What Is the Difference Between a Moving and Non-Moving Violation in NJ?
Did you know that New Jersey has the 11th highest number of licensed drivers when compared with other states?
With more than 6.3 million drivers on the road, New Jersey driving laws are in place to maintain control of the highways and byways of the Garden State and keep everyone on the road safe and sound. It is understood that all of us make great efforts to follow the traffic laws, but sometimes mistakes occur, and a citation is given. There are 2 kinds of driving violations: non-moving and moving.
What are Non-Moving Violations?
They are violations that occur when the car is not in motion. These infractions typically carry much smaller fines and do not put points on your license. Failure to have insurance on your vehicle or affixing an approval sticker without inspection have fines of $1,000 and $1,500, respectively. Most non-moving violations have to do with parking illegally (on a crosswalk, in a loading zone, beside an expired meter), improper vehicle maintenance such as burned-out head/brake lights, also in this category are missing the front or back license plates and making illegal modifications to your car such as window tint that is darker than the regulations state.
Do These Tickets Really Matter?
One parking ticket is obviously not an issue, as long as you pay it. But several tickets can harm your budget. At $54 each, those fees add up quickly. If you pay the ticket, you are admitting fault. A lawyer can present your side of the situation and perhaps get some tickets thrown out. If you don’t pay the fines or show up on your court date, a bench warrant can be made, and you can be arrested. Never let legal issues go unresolved because they only worsen with time; fees accrue interest and become more difficult to pay. A severe infraction is to drive without insurance. Fines of up to $5,000 (and a surcharge of $250 per year for 3 years) and license suspension for a year up to 2 years. A second offense has a mandatory jail sentence of 14 days.
Can My License Be Suspended?
Until recently, the answer to that question was affirmative, but as of January 1, 2020, the state of NJ decided that suspending so many licenses for unpaid fines and other non-moving violations was counterproductive. Many citizens chose to drive despite the license suspension, and when they got pulled over for a different infraction, they incurred more tickets and fines that they were unable to pay. It was a vicious cycle that the legislators in the Garden State decided to put an end to, thus guaranteeing an increase in paid fines (people who work regularly have more income than those who do not for lack of transportation).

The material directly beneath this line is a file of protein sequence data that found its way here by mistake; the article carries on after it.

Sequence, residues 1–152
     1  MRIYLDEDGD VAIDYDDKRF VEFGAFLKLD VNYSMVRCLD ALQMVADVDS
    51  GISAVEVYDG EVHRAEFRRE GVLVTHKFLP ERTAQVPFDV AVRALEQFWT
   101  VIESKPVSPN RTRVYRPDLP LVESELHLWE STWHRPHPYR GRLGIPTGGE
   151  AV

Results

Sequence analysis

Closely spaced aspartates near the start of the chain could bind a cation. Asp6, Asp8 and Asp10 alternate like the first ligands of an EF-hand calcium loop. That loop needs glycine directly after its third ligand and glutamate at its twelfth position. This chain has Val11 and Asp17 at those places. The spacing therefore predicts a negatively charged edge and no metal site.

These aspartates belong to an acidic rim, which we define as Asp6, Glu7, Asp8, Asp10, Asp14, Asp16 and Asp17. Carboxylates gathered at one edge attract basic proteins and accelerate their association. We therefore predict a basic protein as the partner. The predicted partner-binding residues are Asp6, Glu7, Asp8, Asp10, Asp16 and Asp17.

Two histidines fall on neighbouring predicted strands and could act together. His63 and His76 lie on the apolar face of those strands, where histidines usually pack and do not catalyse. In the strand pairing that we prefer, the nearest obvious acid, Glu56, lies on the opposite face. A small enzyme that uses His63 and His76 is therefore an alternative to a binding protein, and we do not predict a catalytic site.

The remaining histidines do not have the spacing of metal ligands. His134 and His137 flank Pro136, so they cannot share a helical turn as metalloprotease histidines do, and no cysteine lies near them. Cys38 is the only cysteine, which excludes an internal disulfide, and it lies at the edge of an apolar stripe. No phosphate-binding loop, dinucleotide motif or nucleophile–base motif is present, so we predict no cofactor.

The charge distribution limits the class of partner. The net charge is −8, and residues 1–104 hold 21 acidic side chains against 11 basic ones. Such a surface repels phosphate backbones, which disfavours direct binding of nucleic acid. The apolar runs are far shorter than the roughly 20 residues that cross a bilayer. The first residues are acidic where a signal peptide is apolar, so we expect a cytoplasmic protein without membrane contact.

What are Moving Violations?
To put it concisely, moving violations are all those which occur when a vehicle is in motion. Running a stop sign, speeding, careless or reckless driving, and hit and run are just a few examples. Moving violations will put points on your license, raise your insurance rates between 10 and 25%, and cost you dearly in fines, court costs, and surcharges. If you accumulate 6 points on your license, you will have to pay a surcharge of $150 per year for three years, and any further points (up to 11) will add $25 for three years for each additional point. Your license will be suspended if your points reach 12 or more, which is an incredible inconvenience.
What Do I Do If I Have A Ticket (Or More)?
New Jersey offers a defensive driving course, and completion of the course will take 2 points off your license, provide you with a 5%-10% insurance discount (for 3 years), and make your driving skills even better. If you do not commit an infraction for 12 months, 3 points will be taken off.
Another way to handle infractions is by having an attorney to help you. You can contest your ticket. Perhaps the radar gun used to track your speed wasn’t properly synchronized, or a local shop’s security camera shows something altogether different than what you received a ticket for. A reduction in points or a dropping of some charges may be possible under certain conditions, such as receiving driving classes.
Contact an Experienced Traffic Ticket Attorney
No one wants to get a ticket. Everyone makes mistakes, and sometimes those mistakes have long-lasting effects. Edward S. Cooper is a professional, well-seasoned lawyer whose exceptional reputation and passion for helping his clients make him the obvious choice.
You do not want to go to court to face all of those tickets alone. Allow him to use his skill and know-how to give you the best possible result.
Please contact him by calling our Linden, NJ offices at (908) 481-4625 today for a confidential consultation regarding your traffic tickets for moving and non-moving violations and more.